Ten years after NASA landed two rovers on Mars for a 90-day mission, one is still exploring, and the project has generated hundreds of thousands of images from the planet's surface.
Now the Smithsonian's National Air and Space Museum is presenting more than 50 of the best photographs from the two rovers known as Spirit and Opportunity in an art exhibit curated by the scientists who have led the mission.
"Spirit and Opportunity: 10 Years Roving Across Mars" opens Thursday and includes many large-scale photographs of craters, hills, dunes, dust clouds, meteorites, rock formations and the Martian sunset. The Smithsonian's first exhibit of art from the Martian rovers marks the 10th anniversary of the mission.
John Grant, a planetary geologist at the museum who is part of the rover mission team, organized the exhibit, in part as a travel log with images on one side from Sprit and images from Opportunity on the other. The rovers landed in January 2004 on opposite sides of Mars and began exploring volcanic deposits and plains, as well as meteorites and impact craters, so the exhibit also focuses on the science, Grant said.
"Every one of the images you see here tells a story of discovery that goes along with the story of beauty on Mars," Grant said.
It's a look at an alien planet through the rovers' eyes, he said.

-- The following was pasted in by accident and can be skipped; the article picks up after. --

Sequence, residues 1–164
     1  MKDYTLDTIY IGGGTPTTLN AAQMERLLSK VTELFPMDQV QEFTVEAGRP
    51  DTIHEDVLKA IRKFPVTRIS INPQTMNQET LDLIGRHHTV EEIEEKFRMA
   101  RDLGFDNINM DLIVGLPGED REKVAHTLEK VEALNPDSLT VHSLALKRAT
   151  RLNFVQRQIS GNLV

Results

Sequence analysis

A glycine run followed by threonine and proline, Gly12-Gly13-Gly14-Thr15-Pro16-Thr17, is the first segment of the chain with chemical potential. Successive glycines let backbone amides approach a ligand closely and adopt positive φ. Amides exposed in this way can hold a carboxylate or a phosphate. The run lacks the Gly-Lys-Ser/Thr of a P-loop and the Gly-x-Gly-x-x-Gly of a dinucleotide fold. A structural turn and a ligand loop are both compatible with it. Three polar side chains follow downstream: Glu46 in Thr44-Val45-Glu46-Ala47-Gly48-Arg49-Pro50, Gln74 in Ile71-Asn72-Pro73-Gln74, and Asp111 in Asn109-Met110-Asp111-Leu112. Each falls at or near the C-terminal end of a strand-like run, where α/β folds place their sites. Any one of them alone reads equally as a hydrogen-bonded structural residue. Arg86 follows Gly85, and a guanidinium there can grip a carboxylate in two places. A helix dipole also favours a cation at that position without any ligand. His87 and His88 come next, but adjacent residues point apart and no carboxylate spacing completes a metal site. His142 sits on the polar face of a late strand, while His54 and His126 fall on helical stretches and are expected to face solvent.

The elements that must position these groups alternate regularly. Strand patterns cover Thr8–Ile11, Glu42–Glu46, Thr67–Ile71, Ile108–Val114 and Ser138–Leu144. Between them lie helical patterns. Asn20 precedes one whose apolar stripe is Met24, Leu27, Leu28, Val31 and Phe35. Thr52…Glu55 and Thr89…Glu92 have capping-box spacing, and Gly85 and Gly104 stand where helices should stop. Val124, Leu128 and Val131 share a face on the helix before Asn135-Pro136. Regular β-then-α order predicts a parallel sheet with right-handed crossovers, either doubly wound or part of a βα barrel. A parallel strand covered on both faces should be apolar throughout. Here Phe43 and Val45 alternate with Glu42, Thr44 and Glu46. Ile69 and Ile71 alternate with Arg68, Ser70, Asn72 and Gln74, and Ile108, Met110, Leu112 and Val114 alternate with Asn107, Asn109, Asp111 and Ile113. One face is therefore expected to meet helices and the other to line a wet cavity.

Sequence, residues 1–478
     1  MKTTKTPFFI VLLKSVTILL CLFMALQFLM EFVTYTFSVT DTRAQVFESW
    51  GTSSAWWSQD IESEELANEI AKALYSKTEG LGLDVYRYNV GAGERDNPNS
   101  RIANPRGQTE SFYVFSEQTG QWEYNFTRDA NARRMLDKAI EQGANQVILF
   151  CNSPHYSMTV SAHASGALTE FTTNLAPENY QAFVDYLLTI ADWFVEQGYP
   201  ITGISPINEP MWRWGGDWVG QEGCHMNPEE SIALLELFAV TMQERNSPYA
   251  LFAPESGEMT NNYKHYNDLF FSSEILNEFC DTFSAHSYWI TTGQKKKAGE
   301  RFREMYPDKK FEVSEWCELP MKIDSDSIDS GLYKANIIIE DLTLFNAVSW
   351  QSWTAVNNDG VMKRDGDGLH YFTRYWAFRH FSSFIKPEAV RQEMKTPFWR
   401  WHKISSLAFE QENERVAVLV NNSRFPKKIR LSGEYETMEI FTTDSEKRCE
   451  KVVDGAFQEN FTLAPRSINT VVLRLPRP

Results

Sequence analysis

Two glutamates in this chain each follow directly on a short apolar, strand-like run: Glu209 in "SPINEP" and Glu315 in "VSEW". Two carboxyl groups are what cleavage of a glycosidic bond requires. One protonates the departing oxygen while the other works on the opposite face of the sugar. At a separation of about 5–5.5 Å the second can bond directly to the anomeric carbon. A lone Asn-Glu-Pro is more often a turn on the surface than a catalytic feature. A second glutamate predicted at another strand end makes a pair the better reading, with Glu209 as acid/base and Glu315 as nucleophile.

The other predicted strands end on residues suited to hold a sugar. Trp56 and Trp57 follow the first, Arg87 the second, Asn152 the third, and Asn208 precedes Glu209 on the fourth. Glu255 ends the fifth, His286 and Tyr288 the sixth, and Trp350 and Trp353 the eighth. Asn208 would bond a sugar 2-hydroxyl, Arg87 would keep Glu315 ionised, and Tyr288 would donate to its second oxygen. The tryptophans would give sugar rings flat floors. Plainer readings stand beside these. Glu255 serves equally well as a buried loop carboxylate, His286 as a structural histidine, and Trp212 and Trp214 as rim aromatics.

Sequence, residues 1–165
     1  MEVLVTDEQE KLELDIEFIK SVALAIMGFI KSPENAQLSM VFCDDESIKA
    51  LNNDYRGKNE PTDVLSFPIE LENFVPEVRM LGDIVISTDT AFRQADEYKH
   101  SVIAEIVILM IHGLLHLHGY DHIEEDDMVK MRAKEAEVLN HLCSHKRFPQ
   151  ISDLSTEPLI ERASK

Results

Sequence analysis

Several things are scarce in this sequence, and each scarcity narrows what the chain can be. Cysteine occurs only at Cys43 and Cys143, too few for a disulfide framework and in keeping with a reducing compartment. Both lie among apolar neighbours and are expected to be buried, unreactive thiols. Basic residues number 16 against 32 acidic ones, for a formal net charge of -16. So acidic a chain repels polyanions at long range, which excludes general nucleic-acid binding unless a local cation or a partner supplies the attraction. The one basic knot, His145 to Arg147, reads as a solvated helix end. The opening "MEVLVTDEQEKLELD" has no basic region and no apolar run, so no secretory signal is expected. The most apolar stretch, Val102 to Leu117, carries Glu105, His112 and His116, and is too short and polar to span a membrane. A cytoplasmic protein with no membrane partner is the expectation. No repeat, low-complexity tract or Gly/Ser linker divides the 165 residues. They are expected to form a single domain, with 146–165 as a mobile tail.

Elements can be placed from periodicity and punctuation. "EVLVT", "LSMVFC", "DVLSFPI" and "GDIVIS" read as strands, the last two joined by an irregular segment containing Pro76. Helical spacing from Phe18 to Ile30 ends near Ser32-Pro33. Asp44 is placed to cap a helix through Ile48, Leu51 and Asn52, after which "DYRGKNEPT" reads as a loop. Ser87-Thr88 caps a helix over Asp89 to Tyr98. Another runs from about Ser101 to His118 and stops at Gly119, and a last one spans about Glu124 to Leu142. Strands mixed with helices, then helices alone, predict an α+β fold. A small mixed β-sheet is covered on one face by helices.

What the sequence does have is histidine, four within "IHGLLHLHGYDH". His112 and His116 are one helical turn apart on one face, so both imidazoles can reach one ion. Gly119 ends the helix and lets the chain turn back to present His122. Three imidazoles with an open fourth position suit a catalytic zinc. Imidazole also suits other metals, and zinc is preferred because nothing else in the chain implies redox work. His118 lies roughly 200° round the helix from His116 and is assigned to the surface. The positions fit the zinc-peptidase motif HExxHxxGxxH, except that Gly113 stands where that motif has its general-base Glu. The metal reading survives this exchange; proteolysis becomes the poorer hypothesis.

Uncovering signs of the past presence of water and a more habitable environment are among the rovers' most important discoveries. Some were made by accident.
After about 800 days, one of Spirit's front wheels stalled and stopped functioning. So the engineering team decided to continue driving it in reverse, dragging the broken wheel across the Martian surface. That dragging dug a trench behind the rover that soon uncovered a new material as white as snow. It turned out to be silica material that would normally be found in hot springs and hydrothermal systems—habitable environments.
"It was a total surprise," said Steven Squyres, an astronomy professor at Cornell University who headed the Mars Exploration Rover mission. "It was just pure good luck. We wouldn't have even seen that if we didn't have the busted wheel."
The rovers also found concretions and layered sedimentary rocks made of sulfate salt that showed water had once been on the planet's surface.
While some panoramic images clearly show the red Martian landscape, other images focus on other colors that can be found in Mars' rocks, soil and sky. One image of the Martian sunset shows a bluish color in the sky, which is usually pink in the daytime due to the reddish dust in the atmosphere. But it turns blue at sunset—the opposite of Earth, Squyres said.
Jim Green, NASA's director of planetary science, said the rovers have made huge strides in learning about Mars to eventually send humans there. Another rover called Curiosity is also now exploring the surface, and NASA plans to send more rovers before humans.
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More information: National Air and Space Museum: airandspace.si.edu/